Diagnosis. A saxicolous species with thalli composed of dull, yellow-orange to deep orange, moderately to strongly convex or even bullate marginal areoles with downward turned edges and ± flattened, angular, central areoles, their surface often coarsely pruinose (especially if growing on calcareous substrates) or epruinose (on siliceous rock), some specimens delimited by a black prothallus, apothecia immersed to adnate, deeper in color than the thallus, disc epruinose; ascospores (7.9–)8.1–9.9(–10.3) × (4.7–)4.8–5.9(–6.3) μm, with a moderately thickened, (2.6–)2.7–3.2(–3.6) μm wide septum (n = 13). The new species is reliably distinguished from other morphologically extremely similar species in Squamulea by its different ITS sequence.
Type. Ecuador, Galápagos: Santiago, directly below the summit at the NE-exposed slope, 0°12′19″S, 90°47′6″W, 828 m alt., humid zone, formerly with scrub or forest, disturbed by former grazing therefore shrubs and trees missing, artificial pampa with Solanum americanum, Portulaca oleraceum, Senna occidentalis, Borreria laevis, and grasses, basalt boulders and outcrops, on rock, 22-Mar-2006, Bungartz, F. 4711 B (CDS 56235‒holotype; GenBank Accession number nrITS: MT967440).
Chemistry. Thallus and apothecia P–, K+ purple, C–, KC± purplish, UV– (dull); thallus and apothecia with a large proportion of parietin and smaller proportions of teloschistin, fallacinal, parietinic acid and emodin (chemosyndrome A sensu Søchting 1997).
Ecology and distribution. Although most specimens examined are from the Galapagos, at least one specimen included in our phylogenetic analyses comes from the Caribbean island of Nevis (‘West Indies’; Buck 29560, MIN); the species therefore most likely is generally more common throughout the Neotropics. In the Galapagos, it occurs from the dry through the transition into the humid zone. It is a saxicolous species that grows in both shaded and ± sheltered as well as in sunny, wind- and rain-exposed habitats.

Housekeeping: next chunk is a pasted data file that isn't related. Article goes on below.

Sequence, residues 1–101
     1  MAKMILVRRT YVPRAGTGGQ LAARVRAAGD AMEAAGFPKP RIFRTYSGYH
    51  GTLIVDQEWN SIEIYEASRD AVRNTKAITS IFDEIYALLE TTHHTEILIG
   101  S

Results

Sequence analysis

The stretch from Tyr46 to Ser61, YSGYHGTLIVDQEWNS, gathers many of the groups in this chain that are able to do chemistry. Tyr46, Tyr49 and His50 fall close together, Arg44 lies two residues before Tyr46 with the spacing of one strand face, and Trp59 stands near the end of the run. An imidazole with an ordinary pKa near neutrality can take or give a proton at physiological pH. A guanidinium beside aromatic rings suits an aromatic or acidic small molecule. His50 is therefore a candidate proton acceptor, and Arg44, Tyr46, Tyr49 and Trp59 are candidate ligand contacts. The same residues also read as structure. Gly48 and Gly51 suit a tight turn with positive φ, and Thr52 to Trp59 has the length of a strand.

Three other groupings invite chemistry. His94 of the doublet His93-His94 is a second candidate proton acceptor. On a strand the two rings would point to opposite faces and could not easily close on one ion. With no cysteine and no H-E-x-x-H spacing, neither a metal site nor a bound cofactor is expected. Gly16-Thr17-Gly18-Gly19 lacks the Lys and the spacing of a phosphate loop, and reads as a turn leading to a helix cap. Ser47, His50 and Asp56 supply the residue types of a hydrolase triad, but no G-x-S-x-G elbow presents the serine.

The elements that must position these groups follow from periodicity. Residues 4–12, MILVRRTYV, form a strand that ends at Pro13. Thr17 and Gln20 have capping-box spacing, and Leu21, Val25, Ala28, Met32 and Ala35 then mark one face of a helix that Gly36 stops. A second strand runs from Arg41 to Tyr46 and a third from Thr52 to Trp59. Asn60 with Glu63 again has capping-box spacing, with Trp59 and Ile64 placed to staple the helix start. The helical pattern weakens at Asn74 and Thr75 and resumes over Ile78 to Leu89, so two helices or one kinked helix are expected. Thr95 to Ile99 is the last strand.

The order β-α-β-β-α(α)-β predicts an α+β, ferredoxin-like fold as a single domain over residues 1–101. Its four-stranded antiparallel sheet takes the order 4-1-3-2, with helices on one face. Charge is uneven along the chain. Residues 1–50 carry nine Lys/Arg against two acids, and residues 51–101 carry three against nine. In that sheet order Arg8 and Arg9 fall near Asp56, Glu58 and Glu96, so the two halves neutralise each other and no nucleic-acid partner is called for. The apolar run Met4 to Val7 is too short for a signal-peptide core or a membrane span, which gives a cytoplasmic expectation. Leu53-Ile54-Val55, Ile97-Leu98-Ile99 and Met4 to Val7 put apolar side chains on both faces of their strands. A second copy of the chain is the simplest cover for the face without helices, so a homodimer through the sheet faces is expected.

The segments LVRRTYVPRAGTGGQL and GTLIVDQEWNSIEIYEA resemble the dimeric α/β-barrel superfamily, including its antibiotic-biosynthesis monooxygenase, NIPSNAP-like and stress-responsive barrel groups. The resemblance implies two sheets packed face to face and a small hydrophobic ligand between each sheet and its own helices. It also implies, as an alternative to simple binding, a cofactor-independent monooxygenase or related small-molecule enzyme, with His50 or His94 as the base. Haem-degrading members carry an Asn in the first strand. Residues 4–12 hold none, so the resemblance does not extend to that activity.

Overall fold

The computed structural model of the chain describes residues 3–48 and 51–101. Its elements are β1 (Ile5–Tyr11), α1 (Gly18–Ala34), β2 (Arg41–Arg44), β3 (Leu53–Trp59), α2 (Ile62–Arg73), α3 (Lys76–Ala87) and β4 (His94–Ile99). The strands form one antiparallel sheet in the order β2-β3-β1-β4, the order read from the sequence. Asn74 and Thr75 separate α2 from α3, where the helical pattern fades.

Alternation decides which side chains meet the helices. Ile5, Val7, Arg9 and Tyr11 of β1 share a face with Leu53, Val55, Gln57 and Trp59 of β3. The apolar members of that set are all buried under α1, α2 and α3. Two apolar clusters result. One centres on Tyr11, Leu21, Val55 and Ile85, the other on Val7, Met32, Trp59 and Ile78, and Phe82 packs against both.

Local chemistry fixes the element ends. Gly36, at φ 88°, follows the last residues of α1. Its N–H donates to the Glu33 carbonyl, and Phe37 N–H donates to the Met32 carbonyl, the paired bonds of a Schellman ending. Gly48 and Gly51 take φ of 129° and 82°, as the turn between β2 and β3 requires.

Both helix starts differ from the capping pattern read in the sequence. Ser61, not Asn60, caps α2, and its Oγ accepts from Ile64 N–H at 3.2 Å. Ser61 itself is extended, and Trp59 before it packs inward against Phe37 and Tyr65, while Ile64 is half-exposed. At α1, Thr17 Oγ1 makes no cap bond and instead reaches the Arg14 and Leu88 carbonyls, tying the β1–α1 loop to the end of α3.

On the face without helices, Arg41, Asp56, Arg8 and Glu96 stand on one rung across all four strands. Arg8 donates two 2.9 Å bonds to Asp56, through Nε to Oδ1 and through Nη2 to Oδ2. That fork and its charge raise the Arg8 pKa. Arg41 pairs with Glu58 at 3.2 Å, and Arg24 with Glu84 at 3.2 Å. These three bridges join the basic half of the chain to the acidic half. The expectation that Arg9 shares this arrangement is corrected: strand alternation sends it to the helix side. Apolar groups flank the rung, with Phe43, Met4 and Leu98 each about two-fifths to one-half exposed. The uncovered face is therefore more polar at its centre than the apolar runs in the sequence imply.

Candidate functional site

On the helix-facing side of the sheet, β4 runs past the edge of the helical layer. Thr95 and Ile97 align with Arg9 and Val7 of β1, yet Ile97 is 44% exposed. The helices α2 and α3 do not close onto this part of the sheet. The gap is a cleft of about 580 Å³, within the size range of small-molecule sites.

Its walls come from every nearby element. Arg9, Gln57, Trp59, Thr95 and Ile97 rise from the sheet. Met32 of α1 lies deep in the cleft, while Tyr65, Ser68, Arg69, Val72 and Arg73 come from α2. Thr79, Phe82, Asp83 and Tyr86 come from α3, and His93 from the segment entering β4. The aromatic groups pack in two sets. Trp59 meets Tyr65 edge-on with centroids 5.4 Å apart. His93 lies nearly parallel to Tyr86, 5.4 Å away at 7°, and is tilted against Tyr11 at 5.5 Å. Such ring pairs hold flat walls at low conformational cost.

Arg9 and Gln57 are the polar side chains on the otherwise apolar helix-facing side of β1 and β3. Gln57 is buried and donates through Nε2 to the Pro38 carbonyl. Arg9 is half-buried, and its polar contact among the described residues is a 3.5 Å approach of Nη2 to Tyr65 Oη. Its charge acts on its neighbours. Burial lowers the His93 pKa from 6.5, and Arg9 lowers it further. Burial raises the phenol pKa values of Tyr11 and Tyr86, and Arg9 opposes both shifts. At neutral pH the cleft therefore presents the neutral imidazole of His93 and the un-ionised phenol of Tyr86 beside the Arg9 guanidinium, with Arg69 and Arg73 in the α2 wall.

Etymology. Named as a belated recognition of Alexander von Humboldt whose 250th birthday was celebrated in 2019. Although Humboldt never visited the Galapagos, he is perhaps the most important explorer of the natural history throughout the South American continent and thus pioneered the ecology of the Neotropics, the region inhabited by S. humboldtiana.
Notes.Squamulea humboldtiana is one of several ‘cryptic’ species of Squamulea in the Galapagos. Phylogenetically, the species is well-defined forming a distinct clade together with S. chelonia and S. oceanica. Morphologically, these three species are all very similar and not well distinguished from other Squamulea species in the archipelago (particularly S. subsoluta s.l.). Specimens of S. humboldtiana are frequently found in nitrophytic, often slightly calcareous habitats; like S. osseophila also on bone. Areoles of the two species can be similar, both convex, almost bullate, but growing side-by-side, thalli of S. osseophila are epruinose, almost ‘waxy’; those of S. humboldtiana, growing on the same piece of bone, are pruinose. The thallus morphology of S. humboldtiana can nevertheless be misleading; some specimens have distinctly more angular areoles, and not all material is pruinose.